Wednesday, 23 October 2013

Hiding and Watching in the Wind

At 4am this morning I climbed into my hide in the darkness, well before sunrise. Very strong winds during the last few days had blown it around a lot, pulling off some anchor ropes and tearing the camouflage away from the front. I spent some time readjusting everything, concealing every possible crack, and just as the first few bird calls began to welcome the dawn rays, I was ready. My friend Mike then helped me haul up camera gear, food and water, before walking down slope and driving away from the nest site, making any adult eagles watching think that the humans were leaving.

After an hour and some very pleasing observations of the eaglet walking around its nest, jumping up and flapping its fast-growing wings, a gentle breeze ruffled the roof of my hide. It didn’t take long for it to pick up and soon I was bobbing around like a cork on the high seas, making filming eagle behaviour very difficult to say the least. The eaglet didn’t mind and took advantage of a few gusts to launch herself higher with powerful wing-beats. Great flying practice!

Two hours passed since my stint began… then three. Then four. There was no sign of adult eagles returning, and I started to think they knew I was in there. My hopes of observing and capturing photos of Gidjee or Mulga with their satellite-tagged chick were fading. My legs were very uncomfortable, having been folded up on the 1m2 platform for so long. Not to mention my three backpacks which were taking up more than their fair share of room, but whose company was vital for this mission. Just as I was about to give up, the eaglet began looking skyward and giving a very loud, repetitive begging call. She had seen an adult approaching!
Two minutes later and I filmed as an adult eagle swooped in from the sky and landed on the nest, with a dismembered mammal trailing from its talons in the wind. I could see a transmitter – it was Gidjee! She glanced in my direction with a suspicious look, but got straight to work and hopped onto the nest with the mammal, which I could now see was a rabbit.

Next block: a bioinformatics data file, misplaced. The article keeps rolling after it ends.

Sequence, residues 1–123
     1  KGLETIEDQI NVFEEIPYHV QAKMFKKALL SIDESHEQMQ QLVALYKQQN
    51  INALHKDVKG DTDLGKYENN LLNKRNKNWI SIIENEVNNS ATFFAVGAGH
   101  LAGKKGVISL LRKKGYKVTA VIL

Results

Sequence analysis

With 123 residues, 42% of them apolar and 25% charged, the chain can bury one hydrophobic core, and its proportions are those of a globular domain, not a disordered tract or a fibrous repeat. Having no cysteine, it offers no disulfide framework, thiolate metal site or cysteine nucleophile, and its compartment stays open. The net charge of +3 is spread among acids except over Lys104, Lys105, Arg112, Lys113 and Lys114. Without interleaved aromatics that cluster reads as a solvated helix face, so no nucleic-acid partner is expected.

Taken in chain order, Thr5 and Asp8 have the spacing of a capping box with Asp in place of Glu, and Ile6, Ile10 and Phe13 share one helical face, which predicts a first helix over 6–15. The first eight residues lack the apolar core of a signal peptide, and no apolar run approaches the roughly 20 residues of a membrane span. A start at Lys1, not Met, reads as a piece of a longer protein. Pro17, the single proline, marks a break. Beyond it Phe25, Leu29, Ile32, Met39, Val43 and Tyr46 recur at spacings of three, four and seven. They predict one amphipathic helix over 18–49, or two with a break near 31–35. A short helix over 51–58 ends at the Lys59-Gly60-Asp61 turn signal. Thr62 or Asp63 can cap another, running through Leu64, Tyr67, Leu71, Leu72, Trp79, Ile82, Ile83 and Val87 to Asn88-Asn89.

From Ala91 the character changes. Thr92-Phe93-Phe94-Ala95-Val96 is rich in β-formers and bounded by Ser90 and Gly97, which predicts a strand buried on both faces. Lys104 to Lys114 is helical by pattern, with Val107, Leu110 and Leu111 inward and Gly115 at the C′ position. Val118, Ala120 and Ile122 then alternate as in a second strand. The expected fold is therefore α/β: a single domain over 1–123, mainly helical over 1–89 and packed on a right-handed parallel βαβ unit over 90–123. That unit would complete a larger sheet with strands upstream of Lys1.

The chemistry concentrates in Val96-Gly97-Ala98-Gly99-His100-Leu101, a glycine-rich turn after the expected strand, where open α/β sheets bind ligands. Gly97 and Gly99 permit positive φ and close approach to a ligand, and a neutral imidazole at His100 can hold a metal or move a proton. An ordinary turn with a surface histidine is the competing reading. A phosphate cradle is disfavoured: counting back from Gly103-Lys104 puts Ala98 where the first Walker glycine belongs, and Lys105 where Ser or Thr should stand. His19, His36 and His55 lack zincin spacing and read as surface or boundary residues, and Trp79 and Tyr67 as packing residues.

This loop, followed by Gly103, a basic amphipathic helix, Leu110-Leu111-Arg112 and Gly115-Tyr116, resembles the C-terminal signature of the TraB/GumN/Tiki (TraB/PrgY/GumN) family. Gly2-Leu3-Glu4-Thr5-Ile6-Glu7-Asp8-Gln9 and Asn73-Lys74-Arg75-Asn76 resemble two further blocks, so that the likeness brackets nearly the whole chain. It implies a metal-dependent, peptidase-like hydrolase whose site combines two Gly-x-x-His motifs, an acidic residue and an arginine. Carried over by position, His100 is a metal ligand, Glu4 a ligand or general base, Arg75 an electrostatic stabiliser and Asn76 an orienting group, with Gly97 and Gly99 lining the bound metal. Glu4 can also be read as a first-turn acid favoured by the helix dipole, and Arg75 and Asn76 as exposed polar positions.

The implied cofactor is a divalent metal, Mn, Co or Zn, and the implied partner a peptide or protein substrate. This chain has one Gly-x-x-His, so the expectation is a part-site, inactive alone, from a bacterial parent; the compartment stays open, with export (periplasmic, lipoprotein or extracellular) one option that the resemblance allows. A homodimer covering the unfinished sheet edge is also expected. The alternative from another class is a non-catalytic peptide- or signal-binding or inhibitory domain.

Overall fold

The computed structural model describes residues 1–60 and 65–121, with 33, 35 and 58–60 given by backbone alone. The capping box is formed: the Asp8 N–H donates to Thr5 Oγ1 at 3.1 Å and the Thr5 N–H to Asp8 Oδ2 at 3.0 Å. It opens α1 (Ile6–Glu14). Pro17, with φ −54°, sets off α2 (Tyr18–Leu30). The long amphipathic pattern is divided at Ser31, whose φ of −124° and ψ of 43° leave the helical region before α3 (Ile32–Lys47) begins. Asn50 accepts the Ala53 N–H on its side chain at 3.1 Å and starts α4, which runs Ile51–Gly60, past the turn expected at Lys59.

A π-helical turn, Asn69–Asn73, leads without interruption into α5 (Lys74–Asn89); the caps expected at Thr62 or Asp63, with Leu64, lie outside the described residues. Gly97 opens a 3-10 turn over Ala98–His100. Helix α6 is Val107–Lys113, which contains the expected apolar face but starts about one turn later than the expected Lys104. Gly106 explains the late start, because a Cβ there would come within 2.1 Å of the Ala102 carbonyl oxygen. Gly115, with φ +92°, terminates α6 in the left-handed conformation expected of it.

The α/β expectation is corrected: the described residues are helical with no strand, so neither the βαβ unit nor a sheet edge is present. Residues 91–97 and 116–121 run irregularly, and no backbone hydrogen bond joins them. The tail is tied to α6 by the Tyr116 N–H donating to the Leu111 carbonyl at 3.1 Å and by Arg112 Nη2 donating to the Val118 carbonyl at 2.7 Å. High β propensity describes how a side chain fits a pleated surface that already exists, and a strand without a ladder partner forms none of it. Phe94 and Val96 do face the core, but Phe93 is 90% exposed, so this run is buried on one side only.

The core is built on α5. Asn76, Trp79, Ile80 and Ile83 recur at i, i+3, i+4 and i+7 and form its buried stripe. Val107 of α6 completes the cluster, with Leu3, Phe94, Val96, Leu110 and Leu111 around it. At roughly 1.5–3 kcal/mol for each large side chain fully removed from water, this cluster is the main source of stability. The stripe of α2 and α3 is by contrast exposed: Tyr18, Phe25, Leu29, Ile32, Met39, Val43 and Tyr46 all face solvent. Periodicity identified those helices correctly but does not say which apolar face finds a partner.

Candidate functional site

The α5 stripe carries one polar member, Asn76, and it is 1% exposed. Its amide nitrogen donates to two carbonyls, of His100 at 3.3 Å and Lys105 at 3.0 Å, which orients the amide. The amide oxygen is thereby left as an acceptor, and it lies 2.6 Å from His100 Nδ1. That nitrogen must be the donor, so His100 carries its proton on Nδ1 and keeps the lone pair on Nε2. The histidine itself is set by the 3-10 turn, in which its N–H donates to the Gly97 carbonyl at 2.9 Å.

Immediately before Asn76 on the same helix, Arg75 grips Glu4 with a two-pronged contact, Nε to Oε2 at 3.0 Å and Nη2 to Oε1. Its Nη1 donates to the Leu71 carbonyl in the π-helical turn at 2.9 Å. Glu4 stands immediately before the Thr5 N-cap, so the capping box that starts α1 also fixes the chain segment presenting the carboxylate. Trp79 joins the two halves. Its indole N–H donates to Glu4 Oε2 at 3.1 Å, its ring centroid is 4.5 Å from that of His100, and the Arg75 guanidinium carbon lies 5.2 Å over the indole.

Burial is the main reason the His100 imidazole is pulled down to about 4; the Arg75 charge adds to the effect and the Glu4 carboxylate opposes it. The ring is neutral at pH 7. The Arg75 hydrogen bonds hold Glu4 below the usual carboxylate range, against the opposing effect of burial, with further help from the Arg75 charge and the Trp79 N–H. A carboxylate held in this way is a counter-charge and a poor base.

For 17 minutes she proceeded to tear up the rabbit, feed small pieces to her chick and eat parts of it herself. The wind continued to blow me around as I filmed, making the images very shaky, but at least the behaviour was being captured in some form. I also snapped lots of photos – this one is probably the best of the bunch:

As I later wrote in my diary, when something that was once only the small spark of an idea solidifies before your eyes as a moment of reality, the feeling is profound. The mental image of Gidjee, my female satellite-tagged Wedge-tailed Eagle, feeding her satellite-tagged 10 week-old chick, finally became real. It only took a day of hide construction, a bit of dehydration, a few early mornings and about 10 hours of sitting in a hide being blown around like a cork on the high seas to get there! I bet that rabbit tasted good :)

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